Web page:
>     > captchas from archive.is/archive.org
>     <http://archive.is/archive.org>. It needs a UI and some general
>     > usability improvements:
>     > https://git.schwanenlied.me/yawning/cfc
>     <https://git.schwanenlied.me/yawning/cfc>
>     >
>     > We could also adapt the official Firefox addons No More 404s or
>     > Resurrect Pages, depending on how they work.
>     >
>     >
>     > # Better Tor Browser support for SSH exits/private Tor exits
>     >
>     > Related to the Captcha and ban problem, I hacked up some prefs
>     and env
>     > vars to make it possible to chain an SSH SOCKS -D proxy after
>     Tor, so
>     > that it is possible to access sites that completely ban Tor with
>     strong
>     > pseudonymity:
>     https://trac.torproject.org/projects/tor/ticket/16917
>     <https://trac.torproject.org/projects/tor/ticket/16917>
>     >
>     > We could give this thing a UI. As a more involved project, we could
>     > patch Tor to support "Tor Exit Bridges": ie Tor "bridges" that
>     have an
>     > exit policy and can be used instead of public exits.
>     >
>     >
>     > # OpenWRT-based Tor Firewall
>     >
>     > I have a prototype Tor Router based on OpenWRT that only lets Tor
>     > traffic through, and acts as a wifi firewall. It is based on
>     > https://wiki.openwrt.org/toh/tp-link/tl-mr3040
>     <https://wiki.openwrt.org/toh/tp-link/tl-mr3040>, and uses the LEDs to
>     > tell you if anything on your computer has tried to bypass Tor, if
>     > anything on the local network has tried to make a TCP connection
>     to you,
>     > or if anything has sent a ping/UDP packet at you. I've arranged
>     these
>     > LEDs as a sort of "hitpoint" bar, so that the UDP LED is the
>     farthest
>     > out, then the TCP connect-back LED, and then the Tor bypass led is
>     > closest in. It is rather amusing to use this thing at hacker
>     events to
>     > watch how fast stuff happens to you. Since the MR3040 also has an
>     > ethernet jack, you can use it to prevent exposing your laptop's wifi
>     > firmware to hostile networks, by putting the router into client
>     mode and
>     > routing through ethernet. The router firmware supports
>     concurrent client
>     > and host wifi operation, so that you can have the device still
>     provide
>     > firewalling to devices that only support wifi by creating your own
>     > personal access point on one side of the firewall, and acting as
>     a wifi
>     > client on the other.
>     >
>     > It is also very useful for helping to debug proper behavior of Tor
>     > applications (especially mobile/embedded apps), so that leaks are
>     > quickly apparent to you.
>     >
>     > This device is different than other Tor-enabled routers (such as
>     NetAid
>     > and Anonabox, etc) because it is primarily meant to function as an
>     > additional security layer, not just something that blindly
>     shoves all
>     > your traffic through Tor.
>     >
>     > The device has switches on it, so it can be easily switched between
>     > different modes.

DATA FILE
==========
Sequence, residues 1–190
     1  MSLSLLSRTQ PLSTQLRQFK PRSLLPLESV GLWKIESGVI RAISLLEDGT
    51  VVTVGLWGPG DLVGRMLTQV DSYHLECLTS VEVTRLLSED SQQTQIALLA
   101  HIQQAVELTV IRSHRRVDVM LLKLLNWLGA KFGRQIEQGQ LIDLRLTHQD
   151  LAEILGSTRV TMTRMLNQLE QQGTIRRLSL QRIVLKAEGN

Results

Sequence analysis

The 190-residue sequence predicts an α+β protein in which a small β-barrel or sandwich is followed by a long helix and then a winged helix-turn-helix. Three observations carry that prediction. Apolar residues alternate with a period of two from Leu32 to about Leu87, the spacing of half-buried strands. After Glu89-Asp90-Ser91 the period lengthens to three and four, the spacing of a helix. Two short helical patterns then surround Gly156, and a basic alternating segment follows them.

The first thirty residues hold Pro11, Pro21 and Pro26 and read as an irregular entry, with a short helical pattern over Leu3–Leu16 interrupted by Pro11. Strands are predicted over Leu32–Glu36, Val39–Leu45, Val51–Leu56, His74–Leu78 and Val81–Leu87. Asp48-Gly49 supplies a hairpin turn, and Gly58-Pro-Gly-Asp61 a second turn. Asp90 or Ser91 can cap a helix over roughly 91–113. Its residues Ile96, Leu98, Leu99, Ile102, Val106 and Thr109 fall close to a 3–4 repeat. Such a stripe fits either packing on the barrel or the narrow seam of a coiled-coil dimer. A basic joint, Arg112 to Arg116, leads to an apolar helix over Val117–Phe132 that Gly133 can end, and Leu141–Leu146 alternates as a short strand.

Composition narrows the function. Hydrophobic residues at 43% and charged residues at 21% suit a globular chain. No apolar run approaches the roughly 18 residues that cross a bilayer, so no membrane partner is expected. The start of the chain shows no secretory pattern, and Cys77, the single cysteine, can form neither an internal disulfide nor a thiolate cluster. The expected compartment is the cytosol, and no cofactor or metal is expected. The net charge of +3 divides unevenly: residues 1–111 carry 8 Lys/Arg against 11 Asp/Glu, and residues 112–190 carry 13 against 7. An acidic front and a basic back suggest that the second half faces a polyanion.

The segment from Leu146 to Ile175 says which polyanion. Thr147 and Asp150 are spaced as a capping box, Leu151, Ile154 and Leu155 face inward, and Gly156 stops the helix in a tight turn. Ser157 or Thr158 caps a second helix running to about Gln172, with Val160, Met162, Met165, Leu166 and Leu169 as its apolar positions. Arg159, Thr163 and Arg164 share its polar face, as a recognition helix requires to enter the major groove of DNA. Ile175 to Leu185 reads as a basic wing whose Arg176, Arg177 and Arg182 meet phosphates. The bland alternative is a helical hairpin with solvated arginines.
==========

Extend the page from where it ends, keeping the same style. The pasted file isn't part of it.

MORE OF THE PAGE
>     >
>     > Areas of improvement for this project:
>     >
>     >  ii). It would be cool to make some kind of REST negotiation API
>     with Tor
>     >       Browser, so that this device could pick bridges or guard
>     nodes for
>     >       Tor Browser, tell Tor Browser about them, and ensure that only
>     >       these bridges or guard nodes were used (as a security layer).
>     >
>     >  ii). Various UI work to make it easier to configure through a
>     web UI.
>     >       Maybe borrowing ideas or sharing code with
>     https://netaidkit.net/,
>     >       or maybe just sticking to the OpenWRT UI.
>     >
>     >  iii). It might be nice to also have a VPN on here as an option
>     via one of
>     >        the switches, so that traffic that was not destined to
>     Tor was
>     >        VPN'ed instead of dropped. This will require some hacking
>     with
>     >        OpenWRT image creator, since there is not enough space
>     for a VPN in
>     >        the default images for the device.
>     >
>     > To work on this project, you will need an OpenWRT compatible
>     router. It
>     > doesn't have to be the MR3040, I just like that one because it has a
>     > battery and LEDs :). If there is enough interest, I can also bring a
>     > pile of old routers I have lying around, as well.
>     >
>     >
>     > # Reproducible build help with your Tor/Cypherpunk Project
>     >
>     > If you're making security tools, build security is very
>     important. I can
>     > help people work towards ensuring their projects can be build
>     > reproducibly. We can also discuss various opsec considerations for
>     > signing key material, and build security for projects that are a
>     long
>     > way away from being able to build reproducibly.
>     >
>     >
>     > # Your idea here!
>     >
>     > Please, suggest stuff you want to work on. Maybe I can help. Or
>     if not,
>     > maybe someone else can!
>     >
>     >
>     >
>     > 1. https://www.youtube.com/watch?v=teBV0EoJJY8
>     <https://www.youtube.com/watch?v=teBV0EoJJY8>
>     > 2.
>     https://blog.torproject.org/blog/mission-impossible-hardening-android-security-and-privacy
>     <https://blog.torproject.org/blog/mission-impossible-hardening-android-security-and-privacy>
>     > 3. https://github.com/EthACKdotOrg/orWall
>     <https://github.com/EthACKdotOrg/orWall>
>     > 4. https://github.com/patcon/mission-impossible-android
>     <https://github.com/patcon/mission-impossible-android>
>     > 5. https://copperhead.co/android/
>     > 6.
>     https://source.android.com/security/verifiedboot/verified-boot.html
>     <https://source.android.com/security/verifiedboot/verified-boot.html>
>     > 7. https://microg.org/
>     >
>     >
>     >
>     > _______________________________________________